Aug 112013
 

Service-Area Business Google MapsGoogle just made some small, but important clarifications to their Quality Guidelines for local listings. The clarifications are related to some situations that weren’t previously covered, or were covered obscurely, by the guidelines.

The first clarification reads:

Do not create a listing or place your pin marker at a location where the business does not physically exist. P.O. Boxes are not considered accurate physical locations. Your business location should be staffed during its stated hours.

  • Exceptions to the above are self-serve businesses such as ATMs or video-rental kiosks. If adding these locations, you should include contact information for customers to get help.

We already knew that post office boxes, or virtual offices were not allowed to be placed as business locations on Google Maps, but I feel this rule comes mostly in relation with the ongoing confusion with service-area and especially home-based businesses. What is meant by this rule is that it is perfectly fine to display your business address, no matter what kind of business you are, as long as when you state, for instance, that your working hours are from 9 to 5, if someone decides to visit your “office” within this period, there would be a person to open the door and serve the customer. This clarification also sheds light on how important “community units” such as ATMs or video-rental kiosks should be displayed on Google Maps. Obviously these types of businesses cannot have on-site staff 24/7, and at the same time if they hide their business addresses from public display that wouldn’t make sense. Now Google states that as long as there is contact information where anyone could get served at any time (presumably), everything would be fine.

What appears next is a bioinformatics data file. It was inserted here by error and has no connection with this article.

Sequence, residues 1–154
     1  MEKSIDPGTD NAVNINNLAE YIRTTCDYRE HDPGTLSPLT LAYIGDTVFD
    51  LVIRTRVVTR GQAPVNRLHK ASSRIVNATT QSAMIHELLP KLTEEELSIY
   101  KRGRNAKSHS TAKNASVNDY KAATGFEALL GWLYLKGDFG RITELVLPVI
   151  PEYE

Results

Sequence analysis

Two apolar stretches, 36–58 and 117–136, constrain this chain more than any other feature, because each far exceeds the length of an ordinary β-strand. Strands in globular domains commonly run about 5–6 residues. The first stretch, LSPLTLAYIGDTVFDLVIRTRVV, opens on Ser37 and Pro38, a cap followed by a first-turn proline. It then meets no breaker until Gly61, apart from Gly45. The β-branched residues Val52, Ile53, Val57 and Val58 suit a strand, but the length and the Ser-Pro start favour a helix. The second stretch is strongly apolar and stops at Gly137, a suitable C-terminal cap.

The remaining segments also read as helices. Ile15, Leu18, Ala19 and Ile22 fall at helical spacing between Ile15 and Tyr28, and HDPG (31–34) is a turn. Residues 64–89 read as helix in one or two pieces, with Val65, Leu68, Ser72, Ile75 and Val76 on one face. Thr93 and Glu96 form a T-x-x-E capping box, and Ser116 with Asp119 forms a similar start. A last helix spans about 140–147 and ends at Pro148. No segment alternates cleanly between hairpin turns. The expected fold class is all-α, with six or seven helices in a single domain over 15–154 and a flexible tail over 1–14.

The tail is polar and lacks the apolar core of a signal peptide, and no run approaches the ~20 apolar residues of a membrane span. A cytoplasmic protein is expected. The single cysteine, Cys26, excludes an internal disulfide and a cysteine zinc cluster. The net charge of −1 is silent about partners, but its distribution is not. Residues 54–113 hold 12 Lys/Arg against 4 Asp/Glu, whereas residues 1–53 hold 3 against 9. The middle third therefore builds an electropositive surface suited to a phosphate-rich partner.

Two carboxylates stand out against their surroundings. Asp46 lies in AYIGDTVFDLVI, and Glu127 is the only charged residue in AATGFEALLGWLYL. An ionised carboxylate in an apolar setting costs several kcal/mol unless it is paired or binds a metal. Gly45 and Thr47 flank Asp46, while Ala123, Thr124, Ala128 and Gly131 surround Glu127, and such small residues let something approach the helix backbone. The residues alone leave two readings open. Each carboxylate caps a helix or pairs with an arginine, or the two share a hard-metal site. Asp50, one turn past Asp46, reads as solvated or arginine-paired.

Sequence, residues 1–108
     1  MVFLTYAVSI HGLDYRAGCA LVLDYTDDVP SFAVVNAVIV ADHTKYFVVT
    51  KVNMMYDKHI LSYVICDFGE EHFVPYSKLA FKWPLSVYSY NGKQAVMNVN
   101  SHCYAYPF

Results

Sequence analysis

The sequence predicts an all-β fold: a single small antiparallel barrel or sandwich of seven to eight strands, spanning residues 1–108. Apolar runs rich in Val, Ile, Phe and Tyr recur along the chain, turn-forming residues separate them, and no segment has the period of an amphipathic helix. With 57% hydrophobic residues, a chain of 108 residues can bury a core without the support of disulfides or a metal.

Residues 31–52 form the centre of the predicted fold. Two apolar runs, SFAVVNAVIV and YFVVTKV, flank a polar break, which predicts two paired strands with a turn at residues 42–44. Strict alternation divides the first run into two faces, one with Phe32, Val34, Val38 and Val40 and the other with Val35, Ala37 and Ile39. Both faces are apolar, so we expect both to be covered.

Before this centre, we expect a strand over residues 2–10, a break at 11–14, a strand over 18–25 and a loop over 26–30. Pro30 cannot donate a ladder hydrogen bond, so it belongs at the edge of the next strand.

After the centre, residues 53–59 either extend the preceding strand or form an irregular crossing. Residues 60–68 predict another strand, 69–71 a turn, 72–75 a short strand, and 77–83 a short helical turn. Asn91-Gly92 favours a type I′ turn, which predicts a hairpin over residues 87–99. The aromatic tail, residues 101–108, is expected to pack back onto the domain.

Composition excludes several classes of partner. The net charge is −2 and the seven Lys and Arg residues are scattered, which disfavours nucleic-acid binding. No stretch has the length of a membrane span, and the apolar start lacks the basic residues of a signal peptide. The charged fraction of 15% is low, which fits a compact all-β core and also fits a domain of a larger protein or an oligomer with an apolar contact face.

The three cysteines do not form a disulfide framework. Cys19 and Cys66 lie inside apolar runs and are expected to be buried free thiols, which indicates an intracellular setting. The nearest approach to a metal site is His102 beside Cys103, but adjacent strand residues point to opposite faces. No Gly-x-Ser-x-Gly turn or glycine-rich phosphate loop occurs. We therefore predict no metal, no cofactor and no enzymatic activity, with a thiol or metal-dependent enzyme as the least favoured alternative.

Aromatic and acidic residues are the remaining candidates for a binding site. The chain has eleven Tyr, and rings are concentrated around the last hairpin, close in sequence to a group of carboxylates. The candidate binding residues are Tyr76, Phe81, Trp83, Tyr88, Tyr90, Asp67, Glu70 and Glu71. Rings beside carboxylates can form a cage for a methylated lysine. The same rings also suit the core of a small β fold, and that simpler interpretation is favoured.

The second addition to the guidelines also comes to explain how Google would like to treat the service-area businesses, and specifically covers the ongoing topic of hide vs. display business address for SABs:

Businesses that operate in a service area should create one listing for the central office or location and designate service areas. If you wish to display your complete business address while setting your service area(s), your business location should be staffed and able to receive customers during its stated hours. Google will determine how best to display your business address based on your inputs as well as inputs from other sources.

This rule pretty much repeats the one above, but what is more interesting is the statement that Google (not the business owner) will determine the way a business address is displayed publicly. What might be meant by this is that even if you decide to display your address on Google Maps, if Google decides otherwise, or if Google finds that your address is hidden on other sources around the web, then the address might get hidden (and vice versa). This means that you must be very accurate in how you display (or not display) your business address not just on Google Maps, but also anywhere else across the web. It is to be noted that not all business directories allow for the address to be hidden. Here is a great list Phil Rozek compiled with business directories that have a hide-address feature.